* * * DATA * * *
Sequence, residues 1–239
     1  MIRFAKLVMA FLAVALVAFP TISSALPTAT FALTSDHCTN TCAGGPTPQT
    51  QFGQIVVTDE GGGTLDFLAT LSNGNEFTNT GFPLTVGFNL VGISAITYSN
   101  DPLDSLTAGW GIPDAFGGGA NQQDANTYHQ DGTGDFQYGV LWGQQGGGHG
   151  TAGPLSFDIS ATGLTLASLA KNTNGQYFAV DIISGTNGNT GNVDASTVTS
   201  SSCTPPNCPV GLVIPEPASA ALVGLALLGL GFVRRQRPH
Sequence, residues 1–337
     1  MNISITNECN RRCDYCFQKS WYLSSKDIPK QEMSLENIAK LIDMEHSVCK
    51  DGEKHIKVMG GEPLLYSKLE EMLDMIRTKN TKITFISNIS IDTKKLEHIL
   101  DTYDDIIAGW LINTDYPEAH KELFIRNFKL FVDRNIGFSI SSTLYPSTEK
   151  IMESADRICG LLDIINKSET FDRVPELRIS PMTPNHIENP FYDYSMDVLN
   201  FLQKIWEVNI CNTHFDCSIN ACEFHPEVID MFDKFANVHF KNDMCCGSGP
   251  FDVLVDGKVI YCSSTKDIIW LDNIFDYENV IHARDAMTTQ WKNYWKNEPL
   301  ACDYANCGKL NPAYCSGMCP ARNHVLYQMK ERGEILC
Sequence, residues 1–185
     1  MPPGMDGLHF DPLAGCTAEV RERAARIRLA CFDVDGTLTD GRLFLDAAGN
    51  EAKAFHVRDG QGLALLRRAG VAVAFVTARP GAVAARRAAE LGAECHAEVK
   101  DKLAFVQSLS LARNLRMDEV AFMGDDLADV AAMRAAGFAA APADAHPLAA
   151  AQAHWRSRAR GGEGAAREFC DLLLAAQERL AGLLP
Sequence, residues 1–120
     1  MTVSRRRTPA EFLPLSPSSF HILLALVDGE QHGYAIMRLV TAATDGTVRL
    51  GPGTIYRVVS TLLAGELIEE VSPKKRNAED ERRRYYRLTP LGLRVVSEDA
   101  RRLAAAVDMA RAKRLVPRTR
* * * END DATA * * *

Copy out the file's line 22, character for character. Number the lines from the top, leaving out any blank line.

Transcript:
    51  GPGTIYRVVS TLLAGELIEE VSPKKRNAED ERRRYYRLTP LGLRVVSEDA